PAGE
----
Editor’s Note: We love zombies and make it our mission to seek out as much zombie-themed madness as we possibly can. Somehow, though, none of us had ever experienced a Zombie 5k in person. To fix this, we decided to send our intrepid intern to Florida to see just how much blood, sweat and tears were involved.
By Margot Allemand
The Zombie Run, which is organized by Darren and Missy Dietsch, was held in Largo, Florida, 30 minutes east of Tampa. The Floridian couple is not a beginner in organizing events, as a matter of fact, they started organizing runs six years ago and have now it’s a family business. Often helped by their young children and friends, they have kept their business local for practical reasons.
Although they do not organize runs outside of Florida, they still offer a wide range of locations to satisfy as many runners and zombie lovers as possible. Outside of the Zombie Run in Largo, they also organize events in Tampa, Orlando and Sarasota.
They held their first 5k zombie run back in 2012 at a time when people were getting ready for a possible apocalypse and The Walking Dead phenomenon was just starting. Darren, being a zombie fan, and Missy, being an avid runner, had the idea of combining two things they loved into one fun event.
“What’s the number one rule in a zombie apocalypse? Cardio! I once joked that I was sure he would run if he was being chased by zombies,” Missy said. “He was sure he would be able to get away from them, if that ever happened.”
That first event was a success with about 1000 participants, and they were not the only one. At the time many zombie related events were happening all around the country. Although those events slowly died out, due to lack of organization or potential real zombie threats, Darren and Missy have kept their events running and have now organized their 15th 5k zombie run.
Upon my arrival on the site, it felt like the organizers had made a deal with the undead already. The event, which started at 8 a.m. with check in, was filled with fog that added some dramatic effect. Once on the site, I could see why Missy and Darren had kept the run going, as I walked into one playful atmosphere.
Participants were slowly getting ready, with a long line of people waiting to get turned into zombies patiently waiting their turns. While nobody was harmed in the making of those scary zombies, makeup artists were definitely kept busy.
Mike Digital, a makeup artist who was present at the event, was one of the busiest. He has specialized in zombie makeup for seven years and an airbrush artist for over 20 years. Drawing on this experience, Digital was able to bring the death out of the most lively participants.
Even though Missy Dietsch admitted that the runs have gotten smaller, the crowd was still having fun, whether they were socializing, going to the blood splatter station, or stretching before the beginning of the run. The 200 participants were definitely excited as the run got closer and closer.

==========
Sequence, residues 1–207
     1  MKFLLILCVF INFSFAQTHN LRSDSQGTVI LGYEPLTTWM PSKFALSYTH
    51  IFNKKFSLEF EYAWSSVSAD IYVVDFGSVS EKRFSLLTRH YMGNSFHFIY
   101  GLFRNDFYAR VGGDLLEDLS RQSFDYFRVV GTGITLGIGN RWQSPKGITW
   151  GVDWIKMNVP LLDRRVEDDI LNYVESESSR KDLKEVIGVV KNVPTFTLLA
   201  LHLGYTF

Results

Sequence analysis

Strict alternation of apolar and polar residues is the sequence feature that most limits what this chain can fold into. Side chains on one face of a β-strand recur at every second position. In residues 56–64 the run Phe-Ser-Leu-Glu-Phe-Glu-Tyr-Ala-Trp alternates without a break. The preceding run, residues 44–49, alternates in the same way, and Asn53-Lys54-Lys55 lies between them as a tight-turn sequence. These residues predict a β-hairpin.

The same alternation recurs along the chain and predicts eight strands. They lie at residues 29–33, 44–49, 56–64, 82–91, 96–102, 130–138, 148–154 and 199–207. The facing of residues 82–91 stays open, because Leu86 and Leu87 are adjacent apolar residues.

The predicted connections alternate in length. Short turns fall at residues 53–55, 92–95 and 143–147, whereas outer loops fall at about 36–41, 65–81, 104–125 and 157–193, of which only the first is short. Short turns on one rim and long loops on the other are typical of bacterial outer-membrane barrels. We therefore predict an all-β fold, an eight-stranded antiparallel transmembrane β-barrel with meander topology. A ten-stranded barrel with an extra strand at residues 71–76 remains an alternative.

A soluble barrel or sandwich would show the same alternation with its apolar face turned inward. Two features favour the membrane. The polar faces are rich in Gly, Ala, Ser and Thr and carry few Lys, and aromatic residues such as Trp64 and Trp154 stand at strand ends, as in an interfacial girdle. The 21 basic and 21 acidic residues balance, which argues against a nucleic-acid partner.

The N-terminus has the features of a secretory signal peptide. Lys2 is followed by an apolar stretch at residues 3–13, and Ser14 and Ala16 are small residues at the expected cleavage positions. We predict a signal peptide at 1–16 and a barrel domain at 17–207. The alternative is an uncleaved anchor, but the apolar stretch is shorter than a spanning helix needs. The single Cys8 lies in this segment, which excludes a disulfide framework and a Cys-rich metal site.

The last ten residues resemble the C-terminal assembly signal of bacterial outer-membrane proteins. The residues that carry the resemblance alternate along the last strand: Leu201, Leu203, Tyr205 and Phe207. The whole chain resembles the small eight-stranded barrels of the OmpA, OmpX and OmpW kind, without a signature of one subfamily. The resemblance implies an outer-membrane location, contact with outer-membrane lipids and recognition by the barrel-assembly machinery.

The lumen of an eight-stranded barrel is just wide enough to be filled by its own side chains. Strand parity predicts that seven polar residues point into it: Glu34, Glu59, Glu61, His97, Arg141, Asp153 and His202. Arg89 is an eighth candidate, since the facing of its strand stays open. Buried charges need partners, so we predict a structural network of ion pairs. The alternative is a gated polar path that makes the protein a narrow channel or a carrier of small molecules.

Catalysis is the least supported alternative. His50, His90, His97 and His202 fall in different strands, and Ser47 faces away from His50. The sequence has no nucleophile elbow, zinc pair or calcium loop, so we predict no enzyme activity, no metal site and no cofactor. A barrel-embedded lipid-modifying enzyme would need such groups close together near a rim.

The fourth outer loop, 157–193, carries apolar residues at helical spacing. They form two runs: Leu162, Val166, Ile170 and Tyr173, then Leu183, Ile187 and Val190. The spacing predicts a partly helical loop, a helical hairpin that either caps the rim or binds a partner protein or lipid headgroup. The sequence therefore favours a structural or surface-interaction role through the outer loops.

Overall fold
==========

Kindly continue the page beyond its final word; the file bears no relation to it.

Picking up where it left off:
“We are committed to hosting great events for however many people want to join us, and we want 200 people to have the same great experience as 2,000 people,” Missy said.
While most people were from Florida, a little northern accent caught my attention. In fact, Cindy and her family at traveled all the way from Montréal, Canada for the race. Like a lot of participants she had been to the event the year before and loved the concept.
The event, which gathered running enthusiasts and zombie lovers of all ages, created a very diverse group of both runners and new undeads. From the goal-oriented runner Sunny and her friend Brandon who made a scary zombie impression, to Anne and Angela, two friends who were just hoping to stay alive through it all, participants all had different motives.
The zombie run, though playful with a little element of surprise, is safe for people from all ages. As a matter of fact, runners are allowed to walk, run, stop after one lap or to do the whole 5k. On the other hand, zombies are allowed to scare them. To do so they are allowed to hide, crawl, run or walk.
The runs are basically a mix of a 5k and a flag football game. The runners have belts and three flags symbolizing their lives, and zombies’ goal is to steal their lives. To keep the fun going, runners are allowed to get extra flags and special stations during their run.
“It’s just pure adrenaline and totally fun,” Missy said. “We have to be extra careful that people understand the fun nature of the event – and we give the zombies instructions to be careful to not to get too aggressive.”
As the run was about to start, Braden (a 9-year-old brain eater accompanied by his family and Sugey an high schooler who came with her friends before they got turned into zombies) were slowly getting dropped at different locations and getting ready to scare runners.
Although dogs are not officially allowed to participate, runners were stretching under the vigilant gaze of Lola the only zombie dog present at the event. Once the run started runners each had their own way of braving the zombies, some thought sprinting was the best approach, others tried to talk to the zombies first in desperate hope to be spared.
While most runners had a similar approach, some got pretty creative. There was the one who just dropped her flags so the zombies wouldn’t even try to attack her and the man yelling “look at the cute baby over there” in an attempt to make a diversion.
Every participant received a medal at the end of the race along with a 5k Zombie Run shirt. For more information about the next race and how to register, check their website www.the5kzombierun.com. And if you can not make it to Florida, you can always register as a virtual runner and get a tee shirt and a medal sent to you.